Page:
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Sarah Reckhow

Sarah Reckhow

Assistant Professor of Political Science

Sarah Reckhow is an expert on education policy, urban and state politics, and philanthropy and nonprofits in public policy.

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Area of Expertise

Philanthropy Racial Politics State Politics Education Policy Every Student Suceeds Act Local Politics Ethnic Politics


Sarah Reckhow is an Associate Professor in the Department of Political Science at Michigan State University. Her research and teaching interests include urban politics, education policy, nonprofits and philanthropy, and racial and ethnic politics. Reckhow’s work on urban schools has focused on policy reforms in New York City, Los Angeles, Oakland, and Detroit. Her award-winning book with Oxford University Press, Follow the Money: How Foundation Dollars Change Public School Politics, examines the ... role of major foundations, such as the Gates Foundation, in urban school reform. Reckhow was awarded a research grant from the W.T. Grant Foundation (with Megan Tompkins-Stange) to study the use of research evidence in the development of teacher quality policy debates. She has recently published articles in the Journal of Urban Affairs, Policy Studies Journal, and Planning Theory. Reckhow is affiliated with the Global Urban Studies Program and the Education Policy Center at Michigan State. She received her Ph.D. from the University of California, Berkeley in 2009. Previously, Reckhow taught history and government at Frederick Douglass High School in the Baltimore City Public Schools.

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University of California - Berkley: Ph.D., Political Science | 2009

Harvard University: B.A., Social Studies | 2002

Selected Press

Rocky Path Ahead as Chicago Transitions to Elected School Board

Education Week | 2021-07-07

After decades of organizing by parents, activists and unions, Chicago is on the verge of having a fully-elected school board for the first time in its history. However, the Chicago plan has prompted backlash, even from supporters, and disagreement over what's next. There's also more chance that national issues having little to do with school operations will creep into board matters, said Sarah Reckhow, a Michigan State University professor who co-wrote a book about money in board races. She said Chicago can expect heavily contested races with an elected board. She said: “It will create a new competitive realm of electoral politics for the city.”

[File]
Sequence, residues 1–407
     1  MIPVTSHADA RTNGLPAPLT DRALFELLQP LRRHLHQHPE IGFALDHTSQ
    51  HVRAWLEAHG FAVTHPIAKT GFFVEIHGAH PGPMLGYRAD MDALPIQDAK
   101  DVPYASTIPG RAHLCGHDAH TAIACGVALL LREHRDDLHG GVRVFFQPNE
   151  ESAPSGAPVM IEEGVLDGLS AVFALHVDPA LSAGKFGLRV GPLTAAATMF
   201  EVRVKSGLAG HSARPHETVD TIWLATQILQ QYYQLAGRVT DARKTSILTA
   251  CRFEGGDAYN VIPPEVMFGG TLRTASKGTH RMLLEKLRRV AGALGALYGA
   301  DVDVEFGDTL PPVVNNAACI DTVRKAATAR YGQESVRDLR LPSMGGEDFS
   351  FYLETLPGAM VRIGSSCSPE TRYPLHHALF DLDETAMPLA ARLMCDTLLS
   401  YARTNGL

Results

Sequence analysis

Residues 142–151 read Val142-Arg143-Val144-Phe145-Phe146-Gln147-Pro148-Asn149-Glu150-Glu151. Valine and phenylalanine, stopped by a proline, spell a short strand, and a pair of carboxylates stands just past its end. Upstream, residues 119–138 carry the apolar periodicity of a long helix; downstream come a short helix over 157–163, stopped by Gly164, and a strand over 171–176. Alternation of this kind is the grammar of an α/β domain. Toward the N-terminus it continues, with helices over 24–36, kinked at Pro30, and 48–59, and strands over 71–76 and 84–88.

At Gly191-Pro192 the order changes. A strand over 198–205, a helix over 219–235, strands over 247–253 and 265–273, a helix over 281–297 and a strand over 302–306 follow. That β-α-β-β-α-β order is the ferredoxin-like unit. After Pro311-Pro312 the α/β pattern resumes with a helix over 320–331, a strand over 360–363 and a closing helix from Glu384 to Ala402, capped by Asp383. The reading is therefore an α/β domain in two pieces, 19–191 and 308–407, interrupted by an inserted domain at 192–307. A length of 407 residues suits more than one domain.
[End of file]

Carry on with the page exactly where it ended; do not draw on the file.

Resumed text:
The rise of Black homeschooling

The New Yorker | 2021-06-14

The National Parents Union paid for a grant [to fund a homeschooling collective called Engaged Detroit] with money from Vela Education Fund which is backed by the Walton Family Foundation and the Charles Koch Institute. These groups advocate “school choice” — rerouting money and families away from traditional public schools through such means as charter schools, which are publicly funded but privately managed, and vouchers, which allow public-education dollars to be put toward private-school tuition. Sarah Reckhow, an associate professor of political science at Michigan State University told me that the Waltons “have been consistently a key funder of the charter-school movement.” Since 1997, the Walton foundation has spent more than four hundred million dollars to create and expand charter schools nationwide.

Experts expect high voter turnout among MSU students. The question is where they'll vote.

Lansing State Journal | 2020-10-28

College students are less likely than older generations. Just 46.1% of 18 to 29 year olds voted in 2016, according to U.S. Census data, compared with about 70.9% of voters at least 65 years old and 66.6% of adults between the ages of 45 to 64. But this year, college students around the country are expected to vote in record numbers. “I do expect to see (high student voter turnout),” said Sarah Reckhow, an associate professor of political science at MSU, who said the COVID-19 pandemic, the Black Lives Matter movement and political turmoil have helped increase enthusiasm among student voters. “Young people were especially engaged. I would connect a number of different dots here that shows this election…the level of interest is extraordinary.”

Reforms we voted for two years ago have prepared Michigan for pandemic voting

Lansing State Journal | 2020-10-28

This op-ed was written by Sarah Reckhow, a professor of political science at Michigan State University, who serves on the MSUvote committee. We, as Michiganders and Americans, cannot let the COVID-19 pandemic stop us from voting in the 2020 federal election. Voters in our state passed a package of measures in 2018 that provide voters with multiple options to ensure their vote is safe and secure. In 2018, Michigan adopted a package of election reforms, known as Proposal 3. These reforms include no-excuse absentee voting (enabling voters to request an absentee ballot without providing a reason) and same day voter registration (enabling voters to register and cast a ballot on the same day, including Election Day).